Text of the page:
THE mother and stepfather of a woman who tried to cover up her partner's murderous crime have described her jail sentence as a "travesty of justice for Allecha and her family".
Last week, the NSW Supreme Court sentenced Coolamon's Tracy Lee King, 36, to a maximum of two years and three months' jail for her role in the murder of Allecha Boyd.
King had pleaded guilty to being an accessory after the fact to the murder of Ms Boyd, whom Samuel John Shepherd shot multiple times outside of Coolamon in August 2017.
With a non-parole period of one year and three months and having already served 13 months in custody, she will be eligible for early release on February 24 next year.
Speaking from Far North Queensland, King's mother, Wendy Butler, said she and her husband did not consider the sentence adequate given the role their daughter played in denying Ms Boyd justice.
Mrs Butler said her daughter always had a troubled history involving prohibited drugs and violence.
"She's a pathological liar and she chose this path," she said.
"She thought she could get away with it, but then she realised she couldn't so she spun a sob story to protect her drug racket."
Shephard, 37, is set for sentencing in February after he pleaded guilty in October to murder. Earlier this year, Anthony Shane Hagan, 21, was sentenced to four years and nine months' jail on a charge of being an accessory after the fact.
Mrs Butler said King "went from being a drug user to the 'drug secretary' for Shephard" after the duo met about 15 years ago.
She said when she was not surprised when her daughter was arrested in November last year.
Last week, the court heard that Ms Boyd was driven to Shephard's home to buy drugs the day she died.
Shephard and Hagan then drove her to the outskirts of town where Shephard shot Ms Boyd several times with a pistol.
After the murder, Shephard and Hagan buried her body in the Lester State Forest. It has never been found despite numerous police searches.
King, who became aware of the murder, lied to police twice to protect Shephard. After her arrest, she admitted lying to police, saying Shephard had threatened to harm her if she told them.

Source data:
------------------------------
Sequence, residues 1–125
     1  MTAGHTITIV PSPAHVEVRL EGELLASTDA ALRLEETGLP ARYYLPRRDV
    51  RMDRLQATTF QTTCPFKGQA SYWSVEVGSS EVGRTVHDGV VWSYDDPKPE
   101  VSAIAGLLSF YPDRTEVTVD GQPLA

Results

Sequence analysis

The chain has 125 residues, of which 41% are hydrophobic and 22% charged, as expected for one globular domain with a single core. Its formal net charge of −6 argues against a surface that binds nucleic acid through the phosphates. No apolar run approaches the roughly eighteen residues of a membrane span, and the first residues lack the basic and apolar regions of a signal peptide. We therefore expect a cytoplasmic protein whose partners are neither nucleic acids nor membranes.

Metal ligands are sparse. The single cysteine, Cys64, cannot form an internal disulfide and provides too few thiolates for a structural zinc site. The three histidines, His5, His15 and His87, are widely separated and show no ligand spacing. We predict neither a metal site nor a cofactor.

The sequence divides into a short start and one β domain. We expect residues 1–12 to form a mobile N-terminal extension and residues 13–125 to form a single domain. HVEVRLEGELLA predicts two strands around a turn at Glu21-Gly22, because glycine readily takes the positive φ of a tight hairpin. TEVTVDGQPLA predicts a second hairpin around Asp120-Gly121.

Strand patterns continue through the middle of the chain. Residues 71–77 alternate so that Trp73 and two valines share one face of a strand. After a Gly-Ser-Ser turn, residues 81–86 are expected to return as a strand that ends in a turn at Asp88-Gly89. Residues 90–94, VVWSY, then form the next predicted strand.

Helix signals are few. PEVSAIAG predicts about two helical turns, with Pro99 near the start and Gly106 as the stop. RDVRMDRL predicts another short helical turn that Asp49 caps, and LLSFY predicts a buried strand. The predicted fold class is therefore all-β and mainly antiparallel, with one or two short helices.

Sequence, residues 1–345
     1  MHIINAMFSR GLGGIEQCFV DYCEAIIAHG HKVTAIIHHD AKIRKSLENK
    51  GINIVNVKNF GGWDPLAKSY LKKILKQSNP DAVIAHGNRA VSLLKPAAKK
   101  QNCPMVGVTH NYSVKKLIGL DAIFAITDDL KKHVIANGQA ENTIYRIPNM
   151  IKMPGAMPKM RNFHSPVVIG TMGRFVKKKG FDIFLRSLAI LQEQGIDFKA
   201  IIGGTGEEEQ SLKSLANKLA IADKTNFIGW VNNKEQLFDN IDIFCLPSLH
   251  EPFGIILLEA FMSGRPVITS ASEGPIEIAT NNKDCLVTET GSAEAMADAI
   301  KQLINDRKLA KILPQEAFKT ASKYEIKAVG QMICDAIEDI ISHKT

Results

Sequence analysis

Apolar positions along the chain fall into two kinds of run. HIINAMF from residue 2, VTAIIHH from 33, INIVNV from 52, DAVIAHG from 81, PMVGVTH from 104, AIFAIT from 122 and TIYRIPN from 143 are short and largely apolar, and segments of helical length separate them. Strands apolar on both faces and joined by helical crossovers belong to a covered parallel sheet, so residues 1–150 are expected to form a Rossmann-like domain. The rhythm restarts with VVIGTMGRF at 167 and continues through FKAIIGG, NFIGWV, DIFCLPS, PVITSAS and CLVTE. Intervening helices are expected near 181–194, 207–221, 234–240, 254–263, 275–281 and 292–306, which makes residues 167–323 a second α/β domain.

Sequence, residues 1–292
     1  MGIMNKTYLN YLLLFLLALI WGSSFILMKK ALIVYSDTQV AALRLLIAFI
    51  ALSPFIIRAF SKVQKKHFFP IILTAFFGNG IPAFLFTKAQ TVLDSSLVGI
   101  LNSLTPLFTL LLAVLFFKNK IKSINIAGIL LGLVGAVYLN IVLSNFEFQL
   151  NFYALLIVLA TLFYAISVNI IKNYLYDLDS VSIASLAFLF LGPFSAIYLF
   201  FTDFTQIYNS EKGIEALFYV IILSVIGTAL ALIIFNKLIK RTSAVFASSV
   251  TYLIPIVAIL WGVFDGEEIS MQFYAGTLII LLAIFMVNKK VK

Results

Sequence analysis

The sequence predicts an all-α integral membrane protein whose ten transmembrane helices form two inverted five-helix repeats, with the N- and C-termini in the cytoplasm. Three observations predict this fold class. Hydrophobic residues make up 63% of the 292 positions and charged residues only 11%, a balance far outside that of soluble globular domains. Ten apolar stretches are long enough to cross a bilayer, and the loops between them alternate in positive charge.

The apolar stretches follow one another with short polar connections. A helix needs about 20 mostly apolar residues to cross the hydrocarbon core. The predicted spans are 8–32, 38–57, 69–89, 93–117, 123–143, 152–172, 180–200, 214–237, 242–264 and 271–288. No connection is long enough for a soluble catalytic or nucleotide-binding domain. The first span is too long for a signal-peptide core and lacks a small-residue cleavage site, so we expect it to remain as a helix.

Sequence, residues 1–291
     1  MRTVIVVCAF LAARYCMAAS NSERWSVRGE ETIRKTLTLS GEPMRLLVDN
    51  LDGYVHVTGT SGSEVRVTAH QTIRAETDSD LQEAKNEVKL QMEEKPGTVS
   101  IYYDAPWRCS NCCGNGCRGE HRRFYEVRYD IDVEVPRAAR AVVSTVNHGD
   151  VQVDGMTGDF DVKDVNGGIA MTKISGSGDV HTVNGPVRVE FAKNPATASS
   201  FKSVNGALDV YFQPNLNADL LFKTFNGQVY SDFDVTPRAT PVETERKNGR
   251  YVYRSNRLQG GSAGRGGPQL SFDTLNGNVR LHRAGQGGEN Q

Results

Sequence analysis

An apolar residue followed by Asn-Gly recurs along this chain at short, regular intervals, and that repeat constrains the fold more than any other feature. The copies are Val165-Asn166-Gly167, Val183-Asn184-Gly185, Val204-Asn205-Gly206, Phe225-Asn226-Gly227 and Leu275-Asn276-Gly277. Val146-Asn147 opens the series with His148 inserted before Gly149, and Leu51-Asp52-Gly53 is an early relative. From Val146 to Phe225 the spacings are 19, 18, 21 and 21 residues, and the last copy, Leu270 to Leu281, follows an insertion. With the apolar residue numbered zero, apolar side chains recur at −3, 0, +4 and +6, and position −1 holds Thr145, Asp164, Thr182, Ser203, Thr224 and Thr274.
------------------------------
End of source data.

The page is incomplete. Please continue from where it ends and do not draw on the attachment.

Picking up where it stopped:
The court heard King suffered an upbringing of neglect, abuse and post-traumatic stress disorder.
In his sentencing remarks, Justice Robertson Wright emphasised that those factors contributed to her role in the murder.
He classified King's crimes at the lower end of objective seriousness but said Ms Boyd's life was "taken from her in appalling and cruel circumstances".
... she has a history of fabricating stories to protect her sorry arse to get out of problems.Jamie Butler
A Director of Public Prosecutions spokesperson said a decision in relation to an appeal has not been made.
As King proceeded through the courts, Mrs Butler and her husband, Jamie Butler, tried to extract information from her to help police find the remains of Ms Boyd.
"I tried to reach out to Tracy many times, but it fell on deaf ears," Mrs Butler said.
"Allecha needs to be brought home and laid to rest and the family deserves to have that."
Mr Butler, the stepfather of King, said the sentence should have been five years minimum as the one King received was inadequate to address the harm caused to Ms Boyd's family.
"She had plenty of opportunities to come forward to do the right thing, but she has a history of fabricating stories to protect her sorry arse to get out of problems," Mr Butler said.
Mr Butler, a behavioural therapist, dismissed King's defence on the grounds of mental health issues and troubled upbringing.
"She had a good education and she only floundered because in her late teenage years, she got herself mixed up in drugs and she's been an addict probably for the past 12 to 14 years or longer in some form or another," he said.
Speaking from Melbourne, Ms Boyd's aunty Cheryl Hoskin also said she would like to see the Director of the Public Prosecutions appeal the sentence.
"The police have worked so hard in their investigations since 2017, so it's got to be frustrating for them," she said. She also paid tribute to her niece, saying she always had a positive outlook on life.
"She wanted to be a chef like Jamie Oliver one day - now that's never going to happen," she said. "Until we can get her home and laid to rest in a dignified and proper manner, the pain isn't going to go away."